Obviously none of the above really matters, because the porn filter isn’t really about porn. The filter is just another tool the government can use to exert some control over online content. Remember the filter’s official mandate already goes well beyond pornography, extending to everything from “esoteric content” (those poor pagans) to VPN sites like this one (yep, if you want to view this blog you’ll have to ‘do an Alan Patridge’ and beg your ISP to “turn on the porn please”). Plus the definition of pornography itself is very much open to interpretation.

Labour home secretary Charles Clarke played a big role pushing for data retention in Europe.

Labour home secretary Charles Clarke played a big role pushing for data retention in Europe. With ears that big he probably already knows what you’ve been talking about offline.

Once the filter is established it sets a precedent. Any enhancements, or replacements, to the filter can be easily slipped in by the government without a real debate, and the amount of filtered content will just get broader and broader. Yes, the filter is crude today, but it will get more sophisticated over time (that’s inevitable) – and such leaps forward will occur completely under the radar. Congratulations. The government now has a list of every household in the UK that wants access to content it does not agree with.


The Regulation of Investigatory Powers Act was enacted in 2000 by the Labour government, in order to deal with the change in communication habits instigated by the internet (the same justification being used for the Snoopers Charter). The legislation basically allows a whole raft of public bodies to access all the private data being hoovered up by data retention programmes. It also allows public bodies to demand citizens hand over passwords to protected information, enables public bodies to request an ISP (or indeed a VPN) monitor specific individuals, and allows these warrants to be kept secret.

So who are these public bodies that can access our data? Well interceptions are restricted to the sorts of agencies you’d expect, such as GCHQ and law enforcement. But when it comes to data that’s already been collected (by programmes such as the above mentioned Data Retention Directive) hundreds public bodies have permissions, including over 470 local authorities. In 2008/9 there were over 50,000 requests for communications data, according to Privacy International (apparently the government stopped releasing the figures since then). So you better not get involved in too many disputes with your local council (it’s not as if such powers haven’t been abused in the past).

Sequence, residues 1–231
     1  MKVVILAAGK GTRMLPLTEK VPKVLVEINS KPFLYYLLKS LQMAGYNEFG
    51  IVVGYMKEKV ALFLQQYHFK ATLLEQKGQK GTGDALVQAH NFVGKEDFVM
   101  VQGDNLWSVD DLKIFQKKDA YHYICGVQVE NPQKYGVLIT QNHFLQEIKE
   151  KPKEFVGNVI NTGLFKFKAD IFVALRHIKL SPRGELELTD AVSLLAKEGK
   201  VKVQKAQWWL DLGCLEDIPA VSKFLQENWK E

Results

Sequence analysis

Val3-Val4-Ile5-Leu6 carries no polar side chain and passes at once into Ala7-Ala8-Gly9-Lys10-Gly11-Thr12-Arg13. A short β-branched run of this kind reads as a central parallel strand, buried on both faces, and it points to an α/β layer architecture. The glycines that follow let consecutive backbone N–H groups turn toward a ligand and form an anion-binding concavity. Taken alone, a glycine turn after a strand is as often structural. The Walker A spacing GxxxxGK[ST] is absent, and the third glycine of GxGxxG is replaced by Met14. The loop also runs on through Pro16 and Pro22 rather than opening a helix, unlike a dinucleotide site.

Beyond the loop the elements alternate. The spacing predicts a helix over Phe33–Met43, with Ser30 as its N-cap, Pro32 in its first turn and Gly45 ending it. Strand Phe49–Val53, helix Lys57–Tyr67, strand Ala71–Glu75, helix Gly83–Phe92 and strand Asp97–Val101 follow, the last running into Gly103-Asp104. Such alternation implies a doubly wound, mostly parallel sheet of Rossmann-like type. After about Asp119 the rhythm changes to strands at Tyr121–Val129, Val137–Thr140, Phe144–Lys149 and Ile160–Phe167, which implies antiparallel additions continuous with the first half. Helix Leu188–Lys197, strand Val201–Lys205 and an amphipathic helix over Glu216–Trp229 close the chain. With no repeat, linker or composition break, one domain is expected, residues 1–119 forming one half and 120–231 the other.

‘Extreme’ content ban

Just this week the crime and security minister James Brokenshire said the government will order ISPs to block “extremist” content online. As we mentioned above, David Camerson also announced plans to ban pornography that simulated rape (making it illegal to watch). As with data retention almost a decade ago, the UK government is still a pioneer in trying to control the online space.

Of course, no one likes terrorists and rapists, but do we really trust the government to decide which extremist ideologies are too dangerous for us and what “simulated rape” actually entails? Obviously there will be clear cut cases, but there will also be many grey areas. Every major porn website hosts BDSM content, which can be easily defined as “simulated rape.” Does this mean the UK government is not only going to impose a porn filter, but will actually completely outlaw every porn site on the internet? Will it issue guidelines to explain when does a rough sex video becomes “simulated rape” and therefore liable to land you in jail?

When it comes to extremist sites, again, where does the government draw the line? What is “extremist” and what measurements being used to determine this? Moreover, don’t we want extremists to operate out in the open, rather than driving them underground? Doesn’t this make it easier for the security services?

None of this makes a great deal of sense, until you realise the government doesn’t care much about protecting children, terrorism, or rape. What the UK government cares about is creating enough legal recourse to exert as much power and control over the virtual space as it possibly can.